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An excerpt from www.HouseOfNames.com archives copyright 2000 - 2016


The name Chauser is Anglo-Saxon in origin. It was a name given to a person who was the chaser. In this case the surname is derived from the Old French word chasser which means to hunt.

Chauser Early Origins



The surname Chauser was first found in Warwickshire, where they held a family seat from ancient times.

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Chauser Spelling Variations


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Chauser Spelling Variations



Until the dictionary, an invention of only the last few hundred years, the English language lacked any comprehensive system of spelling rules. Consequently, spelling variations in names are frequently found in early Anglo-Saxon and later Anglo-Norman documents. One person's name was often spelled several different ways over a lifetime. The recorded variations of Chauser include Chaser, Chasar, Chacero, Chacer, Chasour and many more.

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Chauser Early History


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Chauser Early History



This web page shows only a small excerpt of our Chauser research. Another 357 words (26 lines of text) covering the years 1261, 1275, 1327 and 1500 are included under the topic Early Chauser History in all our PDF Extended History products and printed products wherever possible.

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Chauser Early Notables (pre 1700)


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Chauser Early Notables (pre 1700)



More information is included under the topic Early Chauser Notables in all our PDF Extended History products and printed products wherever possible.

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The Great Migration


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The Great Migration



Thousands of English families boarded ships sailing to the New World in the hope of escaping the unrest found in England at this time. Although the search for opportunity and freedom from persecution abroad took the lives of many because of the cramped conditions and unsanitary nature of the vessels, the opportunity perceived in the growing colonies of North America beckoned. Many of the settlers who survived the journey went on to make important contributions to the transplanted cultures of their adopted countries. The Chauser were among these contributors, for they have been located in early North American records: Joseph Chaser who arrived in Philadelphia in 1764.

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Chauser Family Crest Products


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Chauser Family Crest Products




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See Also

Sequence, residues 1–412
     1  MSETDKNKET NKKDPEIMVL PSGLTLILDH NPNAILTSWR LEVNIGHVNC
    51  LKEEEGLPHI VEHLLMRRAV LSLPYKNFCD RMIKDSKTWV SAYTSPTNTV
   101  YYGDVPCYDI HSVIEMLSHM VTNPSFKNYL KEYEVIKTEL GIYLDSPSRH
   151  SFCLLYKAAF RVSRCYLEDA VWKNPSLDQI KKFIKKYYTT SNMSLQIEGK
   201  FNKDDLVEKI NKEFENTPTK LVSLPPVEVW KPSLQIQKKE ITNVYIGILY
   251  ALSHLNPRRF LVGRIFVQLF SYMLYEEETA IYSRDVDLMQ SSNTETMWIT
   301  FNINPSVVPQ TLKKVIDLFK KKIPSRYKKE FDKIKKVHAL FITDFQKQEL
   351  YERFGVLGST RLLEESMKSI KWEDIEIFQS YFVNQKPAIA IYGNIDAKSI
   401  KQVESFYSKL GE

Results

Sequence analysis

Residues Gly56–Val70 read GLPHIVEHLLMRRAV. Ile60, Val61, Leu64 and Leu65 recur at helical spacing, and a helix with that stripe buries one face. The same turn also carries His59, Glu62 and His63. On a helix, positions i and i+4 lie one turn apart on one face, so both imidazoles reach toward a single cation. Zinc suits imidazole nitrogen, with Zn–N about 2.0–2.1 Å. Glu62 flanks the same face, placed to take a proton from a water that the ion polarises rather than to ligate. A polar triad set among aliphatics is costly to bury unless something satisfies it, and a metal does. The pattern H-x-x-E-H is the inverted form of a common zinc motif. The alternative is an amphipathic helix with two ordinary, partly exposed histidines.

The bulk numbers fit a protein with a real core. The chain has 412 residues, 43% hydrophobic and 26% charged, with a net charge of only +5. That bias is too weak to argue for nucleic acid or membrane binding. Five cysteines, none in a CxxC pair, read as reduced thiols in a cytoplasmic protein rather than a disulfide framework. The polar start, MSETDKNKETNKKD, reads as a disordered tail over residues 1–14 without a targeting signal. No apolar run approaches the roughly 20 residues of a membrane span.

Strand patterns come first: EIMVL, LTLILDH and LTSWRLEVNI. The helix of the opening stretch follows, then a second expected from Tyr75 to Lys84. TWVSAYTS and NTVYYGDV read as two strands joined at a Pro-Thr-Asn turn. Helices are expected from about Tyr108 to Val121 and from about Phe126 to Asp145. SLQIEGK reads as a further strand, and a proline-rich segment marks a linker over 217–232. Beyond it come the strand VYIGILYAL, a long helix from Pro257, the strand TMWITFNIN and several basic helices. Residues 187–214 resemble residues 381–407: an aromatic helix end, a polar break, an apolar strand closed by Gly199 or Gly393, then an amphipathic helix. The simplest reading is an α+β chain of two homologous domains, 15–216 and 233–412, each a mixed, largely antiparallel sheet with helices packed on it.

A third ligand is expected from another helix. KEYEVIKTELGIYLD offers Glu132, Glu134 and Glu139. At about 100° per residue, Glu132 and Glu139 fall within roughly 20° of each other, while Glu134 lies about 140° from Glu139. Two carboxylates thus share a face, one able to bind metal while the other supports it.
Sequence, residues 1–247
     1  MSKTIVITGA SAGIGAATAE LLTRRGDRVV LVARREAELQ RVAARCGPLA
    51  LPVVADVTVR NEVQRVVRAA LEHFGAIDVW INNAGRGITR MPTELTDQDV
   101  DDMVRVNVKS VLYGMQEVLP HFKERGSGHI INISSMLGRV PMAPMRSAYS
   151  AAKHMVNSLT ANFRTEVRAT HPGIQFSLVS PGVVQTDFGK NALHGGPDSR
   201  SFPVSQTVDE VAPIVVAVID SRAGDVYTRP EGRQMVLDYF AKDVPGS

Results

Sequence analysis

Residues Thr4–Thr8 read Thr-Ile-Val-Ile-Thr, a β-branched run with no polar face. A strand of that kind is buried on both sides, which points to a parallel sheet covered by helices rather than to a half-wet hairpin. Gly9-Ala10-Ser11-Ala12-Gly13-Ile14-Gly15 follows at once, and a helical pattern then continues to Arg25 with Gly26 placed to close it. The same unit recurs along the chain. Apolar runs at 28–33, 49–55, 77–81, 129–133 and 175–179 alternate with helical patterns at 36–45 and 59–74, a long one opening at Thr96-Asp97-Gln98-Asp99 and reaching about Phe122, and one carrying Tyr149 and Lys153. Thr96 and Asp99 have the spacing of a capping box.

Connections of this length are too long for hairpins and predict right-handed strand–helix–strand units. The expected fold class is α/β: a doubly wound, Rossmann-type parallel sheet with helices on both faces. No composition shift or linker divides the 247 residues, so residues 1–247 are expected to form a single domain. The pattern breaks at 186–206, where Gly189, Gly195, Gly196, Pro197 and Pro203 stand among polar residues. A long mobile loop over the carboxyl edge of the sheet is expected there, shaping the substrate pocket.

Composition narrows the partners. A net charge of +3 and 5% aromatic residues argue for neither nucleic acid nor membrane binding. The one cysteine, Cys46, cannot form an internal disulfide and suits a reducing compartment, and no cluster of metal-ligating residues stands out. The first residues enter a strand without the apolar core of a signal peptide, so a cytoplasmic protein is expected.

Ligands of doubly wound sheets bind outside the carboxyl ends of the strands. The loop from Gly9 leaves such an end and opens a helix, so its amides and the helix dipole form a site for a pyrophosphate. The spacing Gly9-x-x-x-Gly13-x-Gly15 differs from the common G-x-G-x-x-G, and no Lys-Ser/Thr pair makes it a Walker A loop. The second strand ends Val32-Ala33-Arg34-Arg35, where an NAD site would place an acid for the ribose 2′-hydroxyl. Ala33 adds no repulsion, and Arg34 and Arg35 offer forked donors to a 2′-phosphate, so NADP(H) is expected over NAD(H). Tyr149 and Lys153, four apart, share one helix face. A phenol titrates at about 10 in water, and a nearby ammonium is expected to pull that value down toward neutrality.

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See Also




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Citations


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Citations



    Other References

    1. Williams, Dr Ann. And G.H. Martin . Domesday Book A Complete Translation. London: Penguin, 1992. Print. (ISBN 0-141-00523-8).
    2. Egle, William Henry. Pennsylvania Genealogies Scotch-Irish and German. Harrisburg: L.S. Hart, 1886. Print.
    3. Marcharn, Frederick George. A Constitutional History of Modern England 1485 to the Present. London: Harper and Brothers, 1960. Print.
    4. Magnusson, Magnus. Chambers Biographical Dictionary 5th edition. Edinburgh: W & R Chambers, 1990. Print.
    5. Bardsley, C.W. A Dictionary of English and Welsh Surnames: With Special American Instances. Wiltshire: Heraldry Today, 1901. Print. (ISBN 0-900455-44-6).
    6. Hitching, F.K and S. Hitching. References to English Surnames in 1601-1602. Walton On Thames: 1910. Print. (ISBN 0-8063-0181-3).
    7. Bede, The Venerable. Historia Ecclesiatica Gentis Anglorum (The Ecclesiastical History Of the English People). Available through Internet Medieval Sourcebook the Fordham University Centre for Medieval Studies. Print.
    8. Burke, Sir Bernard. Burke's Genealogical and Heraldic History of the Landed Gentry: Including American Families with British Ancestry. (2 Volumes). London: Burke Publishing, 1939. Print.
    9. Hanks, Hodges, Mills and Room. The Oxford Names Companion. Oxford: Oxford University Press, 2002. Print. (ISBN 0-19-860561-7).
    10. Hinde, Thomas Ed. The Domesday Book England's Heritage Then and Now. Surrey: Colour Library Books, 1995. Print. (ISBN 1-85833-440-3).
    11. ...

    The Chauser Family Crest was acquired from the Houseofnames.com archives. The Chauser Family Crest was drawn according to heraldic standards based on published blazons. We generally include the oldest published family crest once associated with each surname.

    This page was last modified on 10 March 2014 at 16:27.

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